© 2018 by RE:ALM x SoLA

Manchester School of Architecture

Manchester Metropolitan University

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Florence Moon: Brentford High Street

Florence Moon graduated with a BLA in 2008, previously studying for her undergraduate degree in Landscape Architecture at MMU between 2003-2006. Subsequently she worked for Kinnear Landscape Architects and now has a senior position at LDA.


Florence always had a strong spirit and combined this with a highly developed sense of intellectual maturity. This was evidenced in her individual approach to her work, where she was very determined to express her own ideas and, as tutors, it was our job to help bring these to fruition! This led to many interesting conversations, and combined with a dry sense of humour, made for stimulating dialogue at the drawing board.

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Brentford High Street

Brentford High Street, © KLA

On reflection, one of the most interesting things about this project, was that it did not present itself as a huge opportunity from the brief that was given. Through the evolution of the design process, opportunities were uncovered, developed and realised with outcomes which far exceeded people’s expectations.


Understanding how the project came about and the structure of the client and funding body involved, became an opportunity for pushing the boundaries of the brief. I find this part of what we do as Landscape Architects important to revealing design opportunities. If we look carefully at what we are being asked to do, and by who, there are many ways we can interpret this. Our real power is using this interpretation of brief to really make a difference through projects.


Understanding how the project come about


One of The Greater London Authority (GLA) initiatives in 2010 - 2011 was to allocate funding to suburban Local Authorities in London for investment in their public realm. This pot of money was known as the Mayor’s Outer London Fund (OLF).


Brentford High Street, © KLA

The London Borough of Hounslow were successful in their application for OLF funding for Brentford Town Centre and they went about advertising for a Landscape Architect to develop designs which would deliver their vision for an improved High Street.


In September 2012 Kinnear Landscape Architects (KLA) were successful in obtaining the commission, and were appointed to London Borough of Hounslow to deliver the project from concept design through to delivery on site. I became involved with the project straight away as a member of the KLA team.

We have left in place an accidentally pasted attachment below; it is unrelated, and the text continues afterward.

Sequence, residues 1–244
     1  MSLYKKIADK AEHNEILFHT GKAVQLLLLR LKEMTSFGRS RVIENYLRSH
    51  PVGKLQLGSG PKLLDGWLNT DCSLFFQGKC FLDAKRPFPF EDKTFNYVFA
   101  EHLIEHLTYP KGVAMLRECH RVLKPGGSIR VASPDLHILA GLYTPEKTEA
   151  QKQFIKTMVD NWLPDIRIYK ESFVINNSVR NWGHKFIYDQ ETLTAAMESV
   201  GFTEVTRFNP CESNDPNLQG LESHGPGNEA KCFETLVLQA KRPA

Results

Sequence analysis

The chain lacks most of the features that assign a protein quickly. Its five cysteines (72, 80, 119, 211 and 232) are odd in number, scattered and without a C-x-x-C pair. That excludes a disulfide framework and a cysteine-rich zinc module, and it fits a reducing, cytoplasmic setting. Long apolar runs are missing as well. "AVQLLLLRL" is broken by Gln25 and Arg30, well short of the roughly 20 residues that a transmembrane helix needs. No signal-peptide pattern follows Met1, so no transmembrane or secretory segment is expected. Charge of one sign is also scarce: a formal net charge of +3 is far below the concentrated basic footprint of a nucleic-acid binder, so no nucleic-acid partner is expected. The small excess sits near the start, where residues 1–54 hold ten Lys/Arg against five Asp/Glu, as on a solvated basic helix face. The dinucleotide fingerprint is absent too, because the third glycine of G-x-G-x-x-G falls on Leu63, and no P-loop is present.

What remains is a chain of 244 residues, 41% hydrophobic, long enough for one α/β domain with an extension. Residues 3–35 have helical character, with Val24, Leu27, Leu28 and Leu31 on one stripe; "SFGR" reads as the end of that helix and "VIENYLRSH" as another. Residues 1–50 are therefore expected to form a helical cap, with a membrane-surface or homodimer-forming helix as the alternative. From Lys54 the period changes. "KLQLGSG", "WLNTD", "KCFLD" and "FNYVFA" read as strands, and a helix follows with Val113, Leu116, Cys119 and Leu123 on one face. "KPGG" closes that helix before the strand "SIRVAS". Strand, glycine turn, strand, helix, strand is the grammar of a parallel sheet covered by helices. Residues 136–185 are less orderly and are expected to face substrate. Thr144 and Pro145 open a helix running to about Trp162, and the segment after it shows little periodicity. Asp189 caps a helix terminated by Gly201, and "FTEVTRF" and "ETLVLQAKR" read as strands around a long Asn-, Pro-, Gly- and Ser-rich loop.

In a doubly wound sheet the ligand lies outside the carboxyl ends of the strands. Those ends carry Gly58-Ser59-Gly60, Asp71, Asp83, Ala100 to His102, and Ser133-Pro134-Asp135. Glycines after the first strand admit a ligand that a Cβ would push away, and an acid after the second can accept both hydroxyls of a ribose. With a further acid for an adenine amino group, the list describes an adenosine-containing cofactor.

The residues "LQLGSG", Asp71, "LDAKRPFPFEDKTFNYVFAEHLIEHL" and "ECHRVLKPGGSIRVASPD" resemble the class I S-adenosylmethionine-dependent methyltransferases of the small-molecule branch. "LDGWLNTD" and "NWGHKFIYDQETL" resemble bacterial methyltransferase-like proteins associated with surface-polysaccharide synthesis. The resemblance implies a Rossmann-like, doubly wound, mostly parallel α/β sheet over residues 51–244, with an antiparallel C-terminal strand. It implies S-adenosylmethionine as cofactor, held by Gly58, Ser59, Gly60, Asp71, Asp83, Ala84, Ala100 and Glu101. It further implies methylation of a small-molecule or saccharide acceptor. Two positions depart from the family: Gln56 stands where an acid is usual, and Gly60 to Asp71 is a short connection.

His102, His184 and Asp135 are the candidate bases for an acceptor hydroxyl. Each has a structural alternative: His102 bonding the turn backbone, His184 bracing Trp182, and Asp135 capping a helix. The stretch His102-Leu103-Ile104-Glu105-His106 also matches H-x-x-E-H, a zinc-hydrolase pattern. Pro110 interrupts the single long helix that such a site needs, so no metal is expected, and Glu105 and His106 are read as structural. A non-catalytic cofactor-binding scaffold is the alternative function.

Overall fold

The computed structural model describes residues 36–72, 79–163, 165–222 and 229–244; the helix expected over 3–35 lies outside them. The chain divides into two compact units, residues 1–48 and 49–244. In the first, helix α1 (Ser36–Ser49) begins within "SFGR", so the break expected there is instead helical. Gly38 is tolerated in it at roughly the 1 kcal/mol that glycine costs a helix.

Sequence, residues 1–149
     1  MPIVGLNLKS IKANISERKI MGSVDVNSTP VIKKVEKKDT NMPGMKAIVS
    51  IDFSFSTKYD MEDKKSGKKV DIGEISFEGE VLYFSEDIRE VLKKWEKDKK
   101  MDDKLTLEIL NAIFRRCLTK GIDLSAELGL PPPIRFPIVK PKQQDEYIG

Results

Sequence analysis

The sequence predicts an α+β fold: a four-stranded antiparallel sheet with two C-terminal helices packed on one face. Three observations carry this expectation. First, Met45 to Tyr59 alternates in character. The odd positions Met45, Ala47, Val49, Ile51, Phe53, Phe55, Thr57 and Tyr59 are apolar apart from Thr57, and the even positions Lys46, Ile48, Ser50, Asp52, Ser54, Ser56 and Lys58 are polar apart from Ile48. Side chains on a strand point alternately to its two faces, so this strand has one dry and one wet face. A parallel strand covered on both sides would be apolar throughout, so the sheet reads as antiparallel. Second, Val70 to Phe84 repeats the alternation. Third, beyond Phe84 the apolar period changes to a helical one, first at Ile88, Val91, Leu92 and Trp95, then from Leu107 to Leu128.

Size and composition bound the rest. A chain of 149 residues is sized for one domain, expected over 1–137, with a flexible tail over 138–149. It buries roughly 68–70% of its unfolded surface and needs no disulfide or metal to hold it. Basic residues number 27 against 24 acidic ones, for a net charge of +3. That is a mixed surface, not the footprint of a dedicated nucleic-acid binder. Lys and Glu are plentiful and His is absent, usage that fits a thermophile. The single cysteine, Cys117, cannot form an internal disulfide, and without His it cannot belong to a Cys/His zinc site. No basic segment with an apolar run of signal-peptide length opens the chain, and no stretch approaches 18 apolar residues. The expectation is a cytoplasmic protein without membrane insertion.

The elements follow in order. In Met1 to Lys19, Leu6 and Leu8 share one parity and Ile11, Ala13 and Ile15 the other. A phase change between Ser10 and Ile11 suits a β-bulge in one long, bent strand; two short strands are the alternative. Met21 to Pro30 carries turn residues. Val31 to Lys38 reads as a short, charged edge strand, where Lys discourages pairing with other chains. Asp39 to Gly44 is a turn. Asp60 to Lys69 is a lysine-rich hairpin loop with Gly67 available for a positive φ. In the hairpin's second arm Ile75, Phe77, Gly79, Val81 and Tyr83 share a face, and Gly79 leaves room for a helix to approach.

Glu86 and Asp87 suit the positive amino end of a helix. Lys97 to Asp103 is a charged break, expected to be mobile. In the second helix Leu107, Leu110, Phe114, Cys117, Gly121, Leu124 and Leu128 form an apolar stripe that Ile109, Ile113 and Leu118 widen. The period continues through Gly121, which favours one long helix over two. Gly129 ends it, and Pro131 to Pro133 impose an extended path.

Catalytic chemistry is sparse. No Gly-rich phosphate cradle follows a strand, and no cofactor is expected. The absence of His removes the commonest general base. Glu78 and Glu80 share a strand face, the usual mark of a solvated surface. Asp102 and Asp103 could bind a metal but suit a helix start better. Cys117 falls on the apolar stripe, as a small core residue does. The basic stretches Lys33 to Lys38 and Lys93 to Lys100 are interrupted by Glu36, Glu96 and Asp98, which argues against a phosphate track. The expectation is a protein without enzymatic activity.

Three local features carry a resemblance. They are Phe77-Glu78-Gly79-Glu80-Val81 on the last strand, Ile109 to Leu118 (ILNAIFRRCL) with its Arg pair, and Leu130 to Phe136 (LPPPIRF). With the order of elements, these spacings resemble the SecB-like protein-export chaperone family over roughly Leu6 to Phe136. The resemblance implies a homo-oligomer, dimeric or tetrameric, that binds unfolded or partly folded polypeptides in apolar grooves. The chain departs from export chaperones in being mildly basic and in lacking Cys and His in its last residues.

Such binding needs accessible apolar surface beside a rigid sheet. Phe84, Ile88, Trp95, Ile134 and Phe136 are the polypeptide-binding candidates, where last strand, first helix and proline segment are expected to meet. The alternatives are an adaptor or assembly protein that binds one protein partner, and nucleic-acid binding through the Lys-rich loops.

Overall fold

Lynn Kinnear was the project director, she steered the direction of the design process, client liaison and management. I became the project landscape architect, developing design proposals and collaborating with other designers, artists and engineers to realise the ideas.


Challenging the brief...

We got to the know the ‘High Street Steering Group’, a group of local stake holders, some local business owners, a local councillor and MP who all had a vested interest in the future of Brentford High Street. To their minds, luring the thousands of employees working Monday - Friday in the ‘Golden Mile’ was not the answer to rejuvenating the failing High Street. The High Street Steering Group’s aspirations were for a market to be reinstated as a vibrant heart of Brentford for local people, with an improved environment encouraging local business occupation of empty shops.

 Brentford Market Place, © KLA

We got to the know the ‘High Street Steering Group’, a group of local stake holders, some local business owners, a local councillor and MP who all had a vested interest in the future of Brentford High Street. To their minds, luring the thousands of employees working Monday - Friday in the ‘Golden Mile’ was not the answer to rejuvenating the failing High Street. The High Street Steering Group’s aspirations were for a market to be reinstated as a vibrant heart of Brentford for local people, with an improved environment encouraging local business occupation of empty shops.


We visited business’ on the ‘Golden Mile ‘ itself where global companies provided their own ‘internal high streets’ with shops, cafes and amenities for employees to use without having to leave their building. Its connection to Brentford town centre and High Street seemed unlikely due to their self-contained amenities.


We began to develop a series of proposals including both physical improvement proposals and social enterprises that focused on what the local community really wanted from their High Street in the short and long term.


 Brentford Market Place, © KLA

We worked closely with the client and local community to develop the brief into something that became a more ambitious series of interventions;